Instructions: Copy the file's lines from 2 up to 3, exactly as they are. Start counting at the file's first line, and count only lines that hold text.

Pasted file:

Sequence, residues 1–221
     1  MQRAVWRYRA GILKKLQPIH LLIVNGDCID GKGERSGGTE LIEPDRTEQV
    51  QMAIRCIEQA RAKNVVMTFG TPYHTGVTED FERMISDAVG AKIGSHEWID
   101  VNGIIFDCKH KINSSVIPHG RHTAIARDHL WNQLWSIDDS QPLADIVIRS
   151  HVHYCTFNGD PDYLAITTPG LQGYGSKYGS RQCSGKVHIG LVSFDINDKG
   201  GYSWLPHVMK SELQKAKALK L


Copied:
     1  MQRAVWRYRA GILKKLQPIH LLIVNGDCID GKGERSGGTE LIEPDRTEQV
    51  QMAIRCIEQA RAKNVVMTFG TPYHTGVTED FERMISDAVG AKIGSHEWID